Standard Practice for Operating Enclosed Carbon Arc Light Apparatus for Exposure of Nonmetallic Materials
Although accelerated testing cycles are an excellent scientific process to predict the performance of a coating system over time, nothing compares to real-time exposure in a harsh environment to test the ability of a coating to protect steel and other metals.
Tested according to the American Society for Testing Materials (ASTM) and United States Navy Specifications.
For this purpose, two independent laboratories were selected: Atlas Weathering Services Group and Q-Labs Weathering Research Center. Nine coated test panels and one uncoated control panel were placed on a 37 ½ degree solar tracking device at Atlas Weathering Services Group, near Phoenix, Arizona. Ten similar panels were placed at a 5 degree solar exposure, with a biweekly spray of water at Q-Labs Weathering Research Center, also near Phoenix, Arizona.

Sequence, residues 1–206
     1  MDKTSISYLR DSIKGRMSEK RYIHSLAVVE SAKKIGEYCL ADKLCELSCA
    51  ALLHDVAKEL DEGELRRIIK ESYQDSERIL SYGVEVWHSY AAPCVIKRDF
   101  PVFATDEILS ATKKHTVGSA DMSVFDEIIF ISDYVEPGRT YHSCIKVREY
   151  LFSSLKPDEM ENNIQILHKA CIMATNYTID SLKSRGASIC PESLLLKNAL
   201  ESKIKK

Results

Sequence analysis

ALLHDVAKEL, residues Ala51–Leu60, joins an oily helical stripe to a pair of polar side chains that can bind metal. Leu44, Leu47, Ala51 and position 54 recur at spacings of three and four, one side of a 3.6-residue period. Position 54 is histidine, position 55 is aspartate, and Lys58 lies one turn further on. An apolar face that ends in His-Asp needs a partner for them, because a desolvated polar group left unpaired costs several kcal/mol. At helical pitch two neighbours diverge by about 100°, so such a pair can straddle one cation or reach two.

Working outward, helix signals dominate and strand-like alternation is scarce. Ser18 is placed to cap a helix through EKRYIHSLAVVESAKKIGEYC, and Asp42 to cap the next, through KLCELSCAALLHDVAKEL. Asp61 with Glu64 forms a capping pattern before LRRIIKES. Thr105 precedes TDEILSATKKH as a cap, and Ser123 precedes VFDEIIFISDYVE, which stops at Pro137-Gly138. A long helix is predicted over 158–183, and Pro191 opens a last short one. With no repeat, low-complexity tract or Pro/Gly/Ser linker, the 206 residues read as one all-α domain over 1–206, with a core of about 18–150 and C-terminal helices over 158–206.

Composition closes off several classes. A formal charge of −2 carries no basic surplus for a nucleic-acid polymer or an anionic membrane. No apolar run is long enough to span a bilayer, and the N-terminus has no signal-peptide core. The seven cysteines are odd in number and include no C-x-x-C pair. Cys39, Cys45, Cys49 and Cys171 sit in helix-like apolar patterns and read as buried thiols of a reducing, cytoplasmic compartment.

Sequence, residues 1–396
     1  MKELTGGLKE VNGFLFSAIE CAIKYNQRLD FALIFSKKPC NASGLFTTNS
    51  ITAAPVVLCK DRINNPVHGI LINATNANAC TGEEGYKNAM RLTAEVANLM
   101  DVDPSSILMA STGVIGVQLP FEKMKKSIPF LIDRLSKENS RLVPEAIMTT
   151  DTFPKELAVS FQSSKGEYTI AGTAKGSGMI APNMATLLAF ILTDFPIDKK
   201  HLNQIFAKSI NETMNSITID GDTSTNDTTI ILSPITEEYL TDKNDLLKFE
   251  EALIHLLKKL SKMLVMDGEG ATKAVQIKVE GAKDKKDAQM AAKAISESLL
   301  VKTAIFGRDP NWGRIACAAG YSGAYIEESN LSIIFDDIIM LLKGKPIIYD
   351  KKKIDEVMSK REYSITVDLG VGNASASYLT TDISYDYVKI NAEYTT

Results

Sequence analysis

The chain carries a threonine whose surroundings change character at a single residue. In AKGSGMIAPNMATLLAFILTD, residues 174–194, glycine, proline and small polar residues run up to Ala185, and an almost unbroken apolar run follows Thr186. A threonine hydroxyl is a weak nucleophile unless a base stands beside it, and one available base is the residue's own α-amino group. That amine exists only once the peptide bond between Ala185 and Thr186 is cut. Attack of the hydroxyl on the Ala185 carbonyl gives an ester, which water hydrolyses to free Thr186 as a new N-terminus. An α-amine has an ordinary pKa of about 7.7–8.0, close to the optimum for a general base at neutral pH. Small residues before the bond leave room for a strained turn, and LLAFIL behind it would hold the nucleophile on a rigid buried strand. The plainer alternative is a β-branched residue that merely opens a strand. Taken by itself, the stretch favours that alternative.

After one year of exposure, the panels were examined for signs of deterioration. Remarkably, the Rust Bullet panel, except for the scribe lines, shows virtually no difference between the panel that was routinely exposed to water and the panel which was not. As can be seen from the photos, most of the other panels show a significant difference between the results of exposure to a desert environment performed at Atlas, and the results of exposure to a desert environment with biweekly simulated rainfall performed at Q-Labs. Virtually any coating can do well in a desert environment, as shown in the Atlas photo; however, when a little water is added, as shown in the Q-Lab photo, the difference between Rust Bullet and its competitors is remarkable.